Your ability to successfully fund your retirement and to finance your other financial objectives is dependent on your net worth, i.e. your assets less your liabilities. So whenever you have excess cash flow, whether as a result of a one-time windfall like an inheritance or simply by virtue of your income exceeding your expenses on an ongoing basis, a conscious decision should be made whether to invest/save on the one hand or to reduce debt on the other. Unfortunately the decision to invest/save vs. to repay debt is one of the many financial planning questions to which you'll only know the right answer with hindsight, but here is a framework in which to consider this question.
From a financial planning perspective, what to do with excess cash flow boils down to a comparison between the interest rates associated with your debts and the returns that would be generated by investing or saving these funds instead. In other words, you should consider paying off any debts having related interest rates higher than the returns that you would otherwise expect to receive from investing or saving those repayment funds. (Outstanding credit card balances often fall into this category.)
So the first question that should be asked is "If I didn't pay off that debt, what would I do with those funds?" If the answer to that question is that the funds would be invested in a diversified portfolio, then the next step would be to compare the expected returns of that portfolio with the interest rate of the debt in question. If the former exceeds the latter, then the debt should remain outstanding. On the other hand, it also follows that if the repayment funds will instead be spent or stuck in a bank account earning less than 2%, then paying down the debt is more prudent.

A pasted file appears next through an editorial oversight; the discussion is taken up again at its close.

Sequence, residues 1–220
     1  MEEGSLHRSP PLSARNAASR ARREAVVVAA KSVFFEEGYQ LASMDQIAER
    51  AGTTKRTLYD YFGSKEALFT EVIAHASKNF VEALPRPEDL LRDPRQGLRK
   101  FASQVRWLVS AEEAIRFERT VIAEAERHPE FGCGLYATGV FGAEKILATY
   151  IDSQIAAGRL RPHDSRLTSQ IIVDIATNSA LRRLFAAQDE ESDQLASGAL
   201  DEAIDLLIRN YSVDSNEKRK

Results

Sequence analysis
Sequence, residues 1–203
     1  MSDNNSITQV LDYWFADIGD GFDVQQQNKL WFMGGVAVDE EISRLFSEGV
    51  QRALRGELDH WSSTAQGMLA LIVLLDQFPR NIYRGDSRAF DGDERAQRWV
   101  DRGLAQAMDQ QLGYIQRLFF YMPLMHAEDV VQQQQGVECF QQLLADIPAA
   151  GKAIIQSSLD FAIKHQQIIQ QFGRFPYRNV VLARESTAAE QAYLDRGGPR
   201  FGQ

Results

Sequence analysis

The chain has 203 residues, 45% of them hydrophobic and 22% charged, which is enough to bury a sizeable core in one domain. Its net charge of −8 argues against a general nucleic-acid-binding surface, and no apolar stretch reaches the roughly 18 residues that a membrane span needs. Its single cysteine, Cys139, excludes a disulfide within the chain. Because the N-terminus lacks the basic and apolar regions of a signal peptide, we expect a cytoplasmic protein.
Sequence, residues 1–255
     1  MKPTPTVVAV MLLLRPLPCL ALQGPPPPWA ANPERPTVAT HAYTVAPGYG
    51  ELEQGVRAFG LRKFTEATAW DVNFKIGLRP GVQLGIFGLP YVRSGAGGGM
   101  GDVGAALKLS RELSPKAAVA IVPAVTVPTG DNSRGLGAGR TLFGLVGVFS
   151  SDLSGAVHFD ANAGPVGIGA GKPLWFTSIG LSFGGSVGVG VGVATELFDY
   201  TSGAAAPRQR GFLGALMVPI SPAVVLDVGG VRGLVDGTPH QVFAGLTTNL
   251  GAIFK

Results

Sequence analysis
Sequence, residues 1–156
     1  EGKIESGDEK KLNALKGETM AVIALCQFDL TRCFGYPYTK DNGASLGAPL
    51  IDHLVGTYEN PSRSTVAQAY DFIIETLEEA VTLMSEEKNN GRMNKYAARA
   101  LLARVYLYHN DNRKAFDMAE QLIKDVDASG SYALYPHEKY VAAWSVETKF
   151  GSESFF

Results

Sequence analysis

Of course the difficulty with the "repay debt vs. invest in a diversified portfolio" decision is that you probably won't know in advance the future return on this portfolio with any degree of certainty. The mistake I think many are currently making is to assume that the stock market returns that we have experienced since the Great Recession are indicative of what to expect going forward. This assumption is leading many to invest when they should be taking advantage of the "guaranteed return" of debt repayment.
As usual, tax considerations also muddy the waters surrounding this financial decision. Some debt, such as mortgage debt and student loans, may have tax benefits associated with them which tend to tip the balance towards leaving them outstanding. On the investing side of the weighing scale, expected returns should be tempered by the potential "tax drag" of investing within a taxable account or augmented by the tax benefits of possibly being able to combine investing with tax-deductible IRA or retirement plan contributions.
Even this discussion doesn't cover all of the considerations related to debt repayment. To read an article on the topic by Catey Hill in SmartMoney magazine to which I contributed some years ago, please click on "Choosing the Debts to Pay Off Now (And Later)".
And if instead you decide to use your excess cash flow to invest in a diversified portfolio, does it make more sense to invest a lump sum or to dollar-cost average by committing a little at a time to the financial markets?
About the Author
Paul Winter, MBA, CFA, CFP® is a Fee-Only financial advisor and fiduciary in Salt Lake City, UT. His independent wealth management firm, Five Seasons Financial Planning, provides professional portfolio management and objective financial planning services to individuals and families, and to their related entities including trusts, estates, charitable organizations, and small businesses.